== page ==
Challenges faced by the Scheme

  • Increase in impaired assets or bad loans
  • Lack of financial literacy among beneficiaries contributes to nonpayment.
  • There has also been an increase in the number of frauds reported by banks in the public sector.
  • Less outreach to rural entrepreneurs
  • The maximum loan amount of Rs. 10 lakhs is insufficient for many small businesses.
  • Poor appraisal systems and end-use monitoring practises at PSBs appear to be among the primary causes of the rapid decline in loan quality.


  • Overall, MUDRA is a step in the right direction for funding the unfunded; however, the government should establish a robust monitoring and grievance mechanism for problems that have arisen under the programme.

Source: PIB

Article 371F

Tags: GS 2 Polity and Governance

In  News

Recently, a leader of the SDF asserted that the people of Sikkimese feel betrayed because Article 371F was “violated.”

Latest Issues 

  • The Financial Bill, 2023 redefines Sikkimese as any Indian citizen domiciled in Sikkim, granting them the same privileges as the original inhabitants whose ancestors’ names appeared on the 1961 register.
  • This violates Article 371F, the basis for the 1975 merger between Sikkim and India.
Do you Know?

• Sikkim is located in the north-eastern region of the United States.

• It was once a small Himalayan kingdom ruled by a hereditary monarchy for about three centuries beginning in the 17th century A.D.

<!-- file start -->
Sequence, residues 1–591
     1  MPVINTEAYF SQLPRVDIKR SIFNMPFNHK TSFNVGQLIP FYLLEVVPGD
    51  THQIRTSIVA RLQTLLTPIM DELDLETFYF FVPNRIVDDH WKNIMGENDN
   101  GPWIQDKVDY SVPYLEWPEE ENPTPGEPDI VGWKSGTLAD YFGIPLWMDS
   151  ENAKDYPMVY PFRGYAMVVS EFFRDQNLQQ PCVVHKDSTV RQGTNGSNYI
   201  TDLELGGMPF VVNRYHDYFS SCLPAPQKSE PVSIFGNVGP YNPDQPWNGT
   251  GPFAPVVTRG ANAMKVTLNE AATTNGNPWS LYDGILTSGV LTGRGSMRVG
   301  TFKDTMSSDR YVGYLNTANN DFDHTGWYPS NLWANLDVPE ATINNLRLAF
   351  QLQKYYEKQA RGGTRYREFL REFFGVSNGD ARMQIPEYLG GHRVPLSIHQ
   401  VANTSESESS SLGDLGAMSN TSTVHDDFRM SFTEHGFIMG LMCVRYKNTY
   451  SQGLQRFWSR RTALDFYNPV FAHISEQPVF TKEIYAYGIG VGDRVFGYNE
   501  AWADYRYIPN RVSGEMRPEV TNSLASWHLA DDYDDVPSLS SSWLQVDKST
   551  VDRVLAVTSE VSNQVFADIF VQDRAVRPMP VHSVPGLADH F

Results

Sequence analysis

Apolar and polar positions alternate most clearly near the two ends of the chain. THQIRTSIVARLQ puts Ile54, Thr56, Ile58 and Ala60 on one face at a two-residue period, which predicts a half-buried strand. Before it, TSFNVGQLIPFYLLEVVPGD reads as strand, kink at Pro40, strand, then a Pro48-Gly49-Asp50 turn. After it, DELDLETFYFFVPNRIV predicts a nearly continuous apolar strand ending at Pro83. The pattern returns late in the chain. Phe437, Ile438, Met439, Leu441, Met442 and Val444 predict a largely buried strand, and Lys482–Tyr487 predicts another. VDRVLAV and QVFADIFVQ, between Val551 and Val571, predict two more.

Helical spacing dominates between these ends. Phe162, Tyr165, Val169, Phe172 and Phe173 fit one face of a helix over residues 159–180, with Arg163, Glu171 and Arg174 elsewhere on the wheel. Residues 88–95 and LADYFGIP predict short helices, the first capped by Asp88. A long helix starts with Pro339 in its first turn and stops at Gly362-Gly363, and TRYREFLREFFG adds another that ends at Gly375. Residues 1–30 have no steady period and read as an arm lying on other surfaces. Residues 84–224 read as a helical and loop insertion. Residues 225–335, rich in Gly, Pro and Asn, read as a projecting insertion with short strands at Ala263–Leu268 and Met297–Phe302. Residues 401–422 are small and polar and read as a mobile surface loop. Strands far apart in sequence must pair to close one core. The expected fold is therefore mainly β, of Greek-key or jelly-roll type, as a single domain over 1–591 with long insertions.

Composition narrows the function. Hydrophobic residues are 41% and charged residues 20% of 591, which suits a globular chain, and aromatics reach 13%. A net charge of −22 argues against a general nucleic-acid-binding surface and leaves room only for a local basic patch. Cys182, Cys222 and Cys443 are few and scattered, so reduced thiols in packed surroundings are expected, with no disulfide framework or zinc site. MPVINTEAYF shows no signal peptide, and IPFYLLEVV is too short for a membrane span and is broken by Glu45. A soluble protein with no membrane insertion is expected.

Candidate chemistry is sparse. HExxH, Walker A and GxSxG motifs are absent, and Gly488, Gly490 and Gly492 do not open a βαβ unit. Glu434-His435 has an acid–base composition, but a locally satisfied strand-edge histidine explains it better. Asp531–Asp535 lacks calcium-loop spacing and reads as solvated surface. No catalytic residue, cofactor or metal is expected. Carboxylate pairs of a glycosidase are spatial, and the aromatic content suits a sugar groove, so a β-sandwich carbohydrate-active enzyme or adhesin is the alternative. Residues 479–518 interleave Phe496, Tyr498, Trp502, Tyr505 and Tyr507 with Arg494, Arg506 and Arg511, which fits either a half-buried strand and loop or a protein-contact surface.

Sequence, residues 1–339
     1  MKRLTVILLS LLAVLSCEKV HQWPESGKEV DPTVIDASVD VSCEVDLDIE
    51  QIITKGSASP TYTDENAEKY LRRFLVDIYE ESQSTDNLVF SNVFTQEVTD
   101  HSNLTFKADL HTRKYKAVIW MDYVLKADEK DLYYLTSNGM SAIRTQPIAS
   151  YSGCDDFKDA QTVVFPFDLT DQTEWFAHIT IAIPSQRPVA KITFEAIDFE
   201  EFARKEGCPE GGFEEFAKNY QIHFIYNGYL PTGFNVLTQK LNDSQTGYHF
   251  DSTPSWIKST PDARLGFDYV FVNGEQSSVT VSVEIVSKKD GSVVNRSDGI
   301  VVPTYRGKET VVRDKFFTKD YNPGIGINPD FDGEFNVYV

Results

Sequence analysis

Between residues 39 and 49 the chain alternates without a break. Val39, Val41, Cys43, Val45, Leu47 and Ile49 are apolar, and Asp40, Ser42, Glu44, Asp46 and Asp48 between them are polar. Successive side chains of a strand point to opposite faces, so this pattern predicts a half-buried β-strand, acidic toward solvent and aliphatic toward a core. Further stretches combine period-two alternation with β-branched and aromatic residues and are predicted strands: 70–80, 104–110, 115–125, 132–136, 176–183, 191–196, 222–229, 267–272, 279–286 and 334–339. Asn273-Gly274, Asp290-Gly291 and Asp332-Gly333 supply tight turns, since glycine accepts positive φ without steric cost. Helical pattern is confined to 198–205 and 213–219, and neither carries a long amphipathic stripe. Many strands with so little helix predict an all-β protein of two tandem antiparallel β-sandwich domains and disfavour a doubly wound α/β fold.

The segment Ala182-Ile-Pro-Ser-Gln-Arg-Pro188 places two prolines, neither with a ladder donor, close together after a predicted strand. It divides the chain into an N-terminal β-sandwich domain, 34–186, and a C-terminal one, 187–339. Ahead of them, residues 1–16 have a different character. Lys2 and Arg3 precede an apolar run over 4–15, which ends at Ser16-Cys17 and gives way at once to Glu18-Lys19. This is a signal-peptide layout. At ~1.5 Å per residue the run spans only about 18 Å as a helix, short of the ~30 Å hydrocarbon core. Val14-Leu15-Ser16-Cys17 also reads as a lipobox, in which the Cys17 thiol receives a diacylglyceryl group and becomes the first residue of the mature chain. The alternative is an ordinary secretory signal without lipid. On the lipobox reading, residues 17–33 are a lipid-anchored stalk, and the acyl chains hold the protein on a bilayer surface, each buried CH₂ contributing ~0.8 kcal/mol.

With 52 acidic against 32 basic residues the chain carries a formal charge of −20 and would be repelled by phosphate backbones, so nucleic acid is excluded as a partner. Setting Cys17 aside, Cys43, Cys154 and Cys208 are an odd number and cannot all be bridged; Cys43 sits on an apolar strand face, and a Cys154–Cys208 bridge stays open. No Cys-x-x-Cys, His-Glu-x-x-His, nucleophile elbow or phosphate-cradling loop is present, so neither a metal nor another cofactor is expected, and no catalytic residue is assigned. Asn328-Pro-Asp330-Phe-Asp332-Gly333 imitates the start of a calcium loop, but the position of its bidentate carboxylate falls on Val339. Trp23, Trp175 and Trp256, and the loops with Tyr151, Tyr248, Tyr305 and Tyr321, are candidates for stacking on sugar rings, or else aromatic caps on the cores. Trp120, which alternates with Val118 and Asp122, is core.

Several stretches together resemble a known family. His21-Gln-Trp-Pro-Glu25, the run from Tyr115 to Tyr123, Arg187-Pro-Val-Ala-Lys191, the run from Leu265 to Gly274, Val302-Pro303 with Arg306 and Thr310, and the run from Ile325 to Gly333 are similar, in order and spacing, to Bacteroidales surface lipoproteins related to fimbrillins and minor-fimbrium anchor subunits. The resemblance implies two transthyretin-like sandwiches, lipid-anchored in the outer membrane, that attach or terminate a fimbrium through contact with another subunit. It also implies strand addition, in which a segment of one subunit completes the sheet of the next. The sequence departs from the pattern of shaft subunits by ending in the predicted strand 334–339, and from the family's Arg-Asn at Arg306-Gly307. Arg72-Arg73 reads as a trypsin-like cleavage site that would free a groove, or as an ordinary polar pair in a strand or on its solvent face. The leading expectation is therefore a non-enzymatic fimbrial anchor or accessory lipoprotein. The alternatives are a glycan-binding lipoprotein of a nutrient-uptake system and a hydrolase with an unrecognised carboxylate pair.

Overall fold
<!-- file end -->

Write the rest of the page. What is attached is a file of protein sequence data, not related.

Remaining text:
• In 1950, the kingdom became a protectorate of the Government of India with autonomy in its internal affairs while its defense, communications, and external relations were the responsibility of the protector.



About Article 371F

  • Sikkim chose to become the 22nd fully-fledged state of the Indian Union on April 26, 1975, per the Constitution 36th Amendment Act 1975, with a special provision for the state under article 371(F) of the Indian Constitution.
  • According to Article 371F, the members of the Legislative Assembly of Sikkim elect the representative of Sikkim in the House of the People.
  • To protect the rights and interests of various sections of Sikkim’s population, Parliament may determine the number of seats in the Assembly that can be filled only by candidates from those sections.
  • Only the descendants of Sikkim subjects (those who resided in the state prior to its merger with India) whose names were listed in the 1961 register have the right to own land and work for the State government.
  • Additionally, they were exempt from paying income tax.
Further Information

• Article 371, Maharashtra and Gujarat: The Governor has a “special responsibility” to establish “separate development boards” for “Vidarbha, Marathwada, and the rest of Maharashtra” and Saurashtra and Kutch in Gujarat; ensure “equitable allocation of funds for developmental expenditure over the said areas” and “equitable arrangement providing adequate facilities for technical education and vocational training, and adequate opportunities for employment” under the state government.

• Article 371A (13th Amendment Act, 1962), Nagaland: This provision was added following a 1960 16-point agreement between the Centre and the Naga People’s Convention, which led to the formation of Nagaland in 1963.